So, the irony is, we have this big labor shortage. We have a population shortage. People aren't -- we aren't growing in our own numbers, so we need to bring in people, even illegally, or guest workers, or all these gambits that are being talked about, because we don't have an adequate labor supply -- at the same time, let's not have kids.

INGRAHAM: Well --

MATTHEWS: It is an interesting sociometric overlay you've hit here.

INGRAHAM: Yeah, well, power to the people. That means you've got to have people to have power. And we're seeing, in Russia, Chris, they're actually paying people to have children. In Europe, the birth rate is so low that Europe is not going to reproduce itself, and so, Europe is ever dependent on immigrant labor and an immigrant workforce, and they're having trouble with assimilation in some quarters that, you know, I know you've talked about, so --

MATTHEWS: All right. You know what's interesting?

INGRAHAM: -- I just think it's something to celebrate children. I just --

MATTHEWS: People want to import labor and they love sex, but they don't like kids. Well, that doesn't surprise me, but --

INGRAHAM: Well, they're not convenient.

MATTHEWS: -- it is interesting; all day long on this network and others, I'm seeing pictures of Britney Spears. The only -- she is showing no talent. She's showing her body. She's obviously a good-looking young woman, wearing very little.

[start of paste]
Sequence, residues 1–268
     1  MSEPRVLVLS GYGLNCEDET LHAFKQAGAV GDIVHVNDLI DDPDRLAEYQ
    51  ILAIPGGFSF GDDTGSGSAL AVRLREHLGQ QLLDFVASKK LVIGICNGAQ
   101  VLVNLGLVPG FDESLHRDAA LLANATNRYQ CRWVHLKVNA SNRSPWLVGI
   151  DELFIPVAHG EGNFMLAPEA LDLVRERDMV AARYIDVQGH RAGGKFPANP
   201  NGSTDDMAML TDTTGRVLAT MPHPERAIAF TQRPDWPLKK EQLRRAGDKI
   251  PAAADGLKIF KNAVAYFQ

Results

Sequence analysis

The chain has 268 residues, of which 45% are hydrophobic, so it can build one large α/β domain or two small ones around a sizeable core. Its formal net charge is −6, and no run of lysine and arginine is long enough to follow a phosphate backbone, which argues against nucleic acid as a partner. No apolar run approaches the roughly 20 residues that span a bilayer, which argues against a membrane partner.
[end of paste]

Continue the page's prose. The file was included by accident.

Oh, there it is. We have an excuse to play it again.

INGRAHAM: Oh, no, no. We're not showing it.

MATTHEWS: Please kill that.

INGRAHAM: No.

MATTHEWS: Please kill that.

INGRAHAM: No.

MATTHEWS: Please.

INGRAHAM: Done.

MATTHEWS: I did not do that as an excuse to show that again -- please.

INGRAHAM: No, I don't want the B-roll. They did that to me on the Today show.

MATTHEWS: I know they did it on the Today show. It seems like everybody --

INGRAHAM: A nightmare.

MATTHEWS: -- says they decry the coarseness of our culture, then they show Britney one more time.

INGRAHAM: Isn't this awful?

MATTHEWS: Tell me about it.

INGRAHAM: Isn't this awful? Let's show the pole dancing one more time. I mean, look, Chris, what -- NBC has made millions off of a show which is -- was an amazing show and is an amazing show called To Catch A Predator.

MATTHEWS: What's that?

INGRAHAM: To Catch a Predator.

MATTHEWS: Right, I know.

INGRAHAM: And why not "To Catch a Pornographer?" Because all the predators are the ones who are consuming all of this now instantly accessible porn -- 12 billion dollars a year adult entertainment.

MATTHEWS: OK. Can I sing your praises? I get in trouble for this, but you're great looking, obviously. You're one of the gods' gifts to men in this country. But also, you are a hell of a writer. Your books always do well. Your radio show -- I just looked at the numbers -- you are up there, one of the top most-listened to radio shows.